Find out how one of 2019’s hottest colour trends can help you expand your colour-service clientele.
You don’t need to be a nail artist to have heard of the term “negative space.” If you haven’t heard, well, you’re late to the party because it’s been a big beauty trend for years. It’s become so popular, in fact, that like contouring, strobing and other beauty trends that have crossed over into hair, negative space is about to have its moment.
“It’s putting the focus on the actual base colour—whether it’s your client’s natural colour or an artificial base colour,” says Eryn Wall, a Wella Top Artist and owner of The Headroom in St. John’s, Nfld. “Typically, there are highlights around the face, but it’s really about letting the base colour shine, with a subtle, not intense, contrast.”
Although the freehand technique used to achieve this look is not new, understanding the verbiage is. Since negative space emphasizes the base colour, the placement of the highlights is key. “I would do thin highlighting around the face, and if I want to accent it a little bit more, I would go in a little lighter on the ends,” explains Julio Rodriguez, artistic director at Valentini Hair Design & Spa in Guelph, Ont. “But if you really want it to be negative space, it has to showcase that [base] colour, so you have to leave a lot of that colour in.”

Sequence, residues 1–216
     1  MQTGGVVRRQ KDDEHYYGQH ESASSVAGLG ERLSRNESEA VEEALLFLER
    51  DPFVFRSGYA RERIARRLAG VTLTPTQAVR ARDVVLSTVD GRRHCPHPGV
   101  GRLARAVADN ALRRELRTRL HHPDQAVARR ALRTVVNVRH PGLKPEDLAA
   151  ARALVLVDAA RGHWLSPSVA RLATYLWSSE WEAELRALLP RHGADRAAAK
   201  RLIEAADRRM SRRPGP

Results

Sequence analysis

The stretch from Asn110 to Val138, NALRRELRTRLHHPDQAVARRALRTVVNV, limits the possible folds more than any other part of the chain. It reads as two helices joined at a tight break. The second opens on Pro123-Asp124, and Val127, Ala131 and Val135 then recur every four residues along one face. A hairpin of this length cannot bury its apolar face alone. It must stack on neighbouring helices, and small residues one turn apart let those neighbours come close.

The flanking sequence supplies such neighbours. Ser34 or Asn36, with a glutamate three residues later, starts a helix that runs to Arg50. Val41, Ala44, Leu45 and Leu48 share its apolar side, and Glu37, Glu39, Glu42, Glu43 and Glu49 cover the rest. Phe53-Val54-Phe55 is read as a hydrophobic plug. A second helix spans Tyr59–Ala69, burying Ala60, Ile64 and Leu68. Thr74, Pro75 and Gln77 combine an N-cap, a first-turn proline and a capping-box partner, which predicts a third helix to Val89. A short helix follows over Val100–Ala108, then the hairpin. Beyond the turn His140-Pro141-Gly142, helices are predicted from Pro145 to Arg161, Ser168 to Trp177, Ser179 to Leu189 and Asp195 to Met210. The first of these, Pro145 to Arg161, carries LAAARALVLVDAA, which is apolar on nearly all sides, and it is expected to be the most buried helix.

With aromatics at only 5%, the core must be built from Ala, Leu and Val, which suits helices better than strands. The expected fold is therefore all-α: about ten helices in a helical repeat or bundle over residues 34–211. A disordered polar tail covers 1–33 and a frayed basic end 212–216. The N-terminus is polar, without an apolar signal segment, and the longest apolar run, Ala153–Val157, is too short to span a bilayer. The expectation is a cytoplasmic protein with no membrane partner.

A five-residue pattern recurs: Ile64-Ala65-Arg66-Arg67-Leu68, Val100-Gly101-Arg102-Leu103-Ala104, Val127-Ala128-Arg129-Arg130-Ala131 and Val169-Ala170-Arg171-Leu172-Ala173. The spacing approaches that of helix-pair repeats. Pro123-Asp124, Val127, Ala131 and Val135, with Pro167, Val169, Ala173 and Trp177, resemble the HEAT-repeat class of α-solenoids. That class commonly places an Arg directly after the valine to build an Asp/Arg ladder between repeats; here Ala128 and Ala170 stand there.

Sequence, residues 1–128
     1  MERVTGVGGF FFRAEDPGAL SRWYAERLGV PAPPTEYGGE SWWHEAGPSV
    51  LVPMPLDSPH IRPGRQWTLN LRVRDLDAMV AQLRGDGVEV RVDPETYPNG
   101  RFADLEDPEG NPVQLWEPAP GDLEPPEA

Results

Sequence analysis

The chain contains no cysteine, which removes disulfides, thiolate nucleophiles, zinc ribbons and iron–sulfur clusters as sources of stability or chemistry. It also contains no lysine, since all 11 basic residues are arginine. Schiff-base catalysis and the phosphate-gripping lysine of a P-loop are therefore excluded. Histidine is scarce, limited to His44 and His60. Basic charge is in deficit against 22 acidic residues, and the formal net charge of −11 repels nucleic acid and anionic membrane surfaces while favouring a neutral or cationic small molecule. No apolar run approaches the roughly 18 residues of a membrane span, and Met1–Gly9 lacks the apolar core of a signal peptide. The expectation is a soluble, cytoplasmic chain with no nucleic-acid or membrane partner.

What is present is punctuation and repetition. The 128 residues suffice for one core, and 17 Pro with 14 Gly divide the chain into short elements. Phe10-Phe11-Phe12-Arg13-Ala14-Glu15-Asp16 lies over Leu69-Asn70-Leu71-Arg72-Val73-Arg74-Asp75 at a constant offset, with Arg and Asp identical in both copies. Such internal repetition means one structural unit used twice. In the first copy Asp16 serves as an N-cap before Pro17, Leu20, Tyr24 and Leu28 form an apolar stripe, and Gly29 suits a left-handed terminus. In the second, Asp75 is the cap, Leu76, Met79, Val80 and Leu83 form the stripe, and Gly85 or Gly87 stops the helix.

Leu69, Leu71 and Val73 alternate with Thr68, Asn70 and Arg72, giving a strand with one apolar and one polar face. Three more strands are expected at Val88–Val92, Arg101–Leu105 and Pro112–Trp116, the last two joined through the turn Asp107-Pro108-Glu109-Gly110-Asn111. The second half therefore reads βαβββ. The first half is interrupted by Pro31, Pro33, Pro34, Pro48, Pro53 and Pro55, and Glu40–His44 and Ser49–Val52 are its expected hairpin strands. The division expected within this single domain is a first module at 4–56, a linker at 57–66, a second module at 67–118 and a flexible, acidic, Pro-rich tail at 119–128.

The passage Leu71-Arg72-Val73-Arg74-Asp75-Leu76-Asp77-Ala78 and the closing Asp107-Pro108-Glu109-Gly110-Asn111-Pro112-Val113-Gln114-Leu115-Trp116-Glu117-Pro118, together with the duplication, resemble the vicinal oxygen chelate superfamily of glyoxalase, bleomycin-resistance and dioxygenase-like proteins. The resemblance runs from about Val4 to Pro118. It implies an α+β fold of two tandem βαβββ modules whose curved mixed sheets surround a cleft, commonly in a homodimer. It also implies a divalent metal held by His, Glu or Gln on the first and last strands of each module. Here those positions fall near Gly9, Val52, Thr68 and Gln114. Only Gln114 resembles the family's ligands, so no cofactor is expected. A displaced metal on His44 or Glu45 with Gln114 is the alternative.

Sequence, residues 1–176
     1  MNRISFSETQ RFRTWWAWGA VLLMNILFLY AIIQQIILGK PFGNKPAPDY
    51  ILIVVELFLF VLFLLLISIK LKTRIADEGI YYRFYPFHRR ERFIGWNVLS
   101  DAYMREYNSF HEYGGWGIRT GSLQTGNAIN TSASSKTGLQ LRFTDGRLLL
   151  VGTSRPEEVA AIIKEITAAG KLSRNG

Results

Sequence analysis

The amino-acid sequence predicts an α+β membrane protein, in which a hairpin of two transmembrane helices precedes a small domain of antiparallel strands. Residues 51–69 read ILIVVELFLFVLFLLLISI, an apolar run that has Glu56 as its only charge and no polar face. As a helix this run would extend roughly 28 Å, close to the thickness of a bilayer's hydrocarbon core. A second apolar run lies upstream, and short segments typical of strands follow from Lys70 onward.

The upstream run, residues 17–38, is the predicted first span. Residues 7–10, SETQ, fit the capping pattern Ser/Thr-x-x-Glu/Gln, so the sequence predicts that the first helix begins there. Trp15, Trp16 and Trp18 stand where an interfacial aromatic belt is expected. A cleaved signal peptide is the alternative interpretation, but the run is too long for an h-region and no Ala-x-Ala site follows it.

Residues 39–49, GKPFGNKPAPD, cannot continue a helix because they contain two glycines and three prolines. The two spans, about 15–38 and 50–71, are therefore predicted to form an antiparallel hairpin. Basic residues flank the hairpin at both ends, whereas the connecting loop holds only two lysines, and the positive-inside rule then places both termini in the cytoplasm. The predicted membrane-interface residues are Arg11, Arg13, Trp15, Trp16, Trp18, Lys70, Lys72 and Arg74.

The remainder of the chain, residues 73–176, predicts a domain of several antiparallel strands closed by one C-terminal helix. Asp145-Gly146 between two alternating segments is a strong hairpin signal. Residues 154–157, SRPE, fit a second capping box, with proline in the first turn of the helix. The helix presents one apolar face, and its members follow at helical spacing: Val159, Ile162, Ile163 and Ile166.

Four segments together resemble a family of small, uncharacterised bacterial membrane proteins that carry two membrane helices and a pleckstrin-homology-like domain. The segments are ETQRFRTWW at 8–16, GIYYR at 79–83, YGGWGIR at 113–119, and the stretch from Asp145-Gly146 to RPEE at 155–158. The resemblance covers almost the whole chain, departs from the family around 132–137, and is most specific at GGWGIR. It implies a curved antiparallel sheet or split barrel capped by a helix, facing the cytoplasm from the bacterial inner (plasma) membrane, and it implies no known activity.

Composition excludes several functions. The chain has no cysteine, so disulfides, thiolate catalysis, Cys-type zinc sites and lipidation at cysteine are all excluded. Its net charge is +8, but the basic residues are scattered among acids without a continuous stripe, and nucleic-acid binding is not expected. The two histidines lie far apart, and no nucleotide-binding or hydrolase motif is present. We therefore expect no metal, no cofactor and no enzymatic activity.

What’s in it for You?
Not only is negative space colour easy to create, it’s an easy way to help you transition more clients into colour services. “What happens is that once clients start getting into highlighting and adding dimension, they get excited and want more,” says Rodriguez. “And that’s when they’ll get into balayage and ombrè. So it really opens the door for your colour business.”
Rodriguez, who is also a guest artist for Matrix, recommends that the base colour for brunettes be at a level four to eight, and blondes at a natural level six. “When you have that darker base, that’s when the colour really pops,” he says, adding that it can also work on shorter hair for both men and women.
“The key is keeping it blended,” says Wall. “It’s a great way to introduce people to something more subtle and a more tone-on-tone look. It’s a great upsell and that’s something that, as a salon owner, I’m always talking to my staff about.”
Photo Credits: Z.One Concept; Julio Rodriguez
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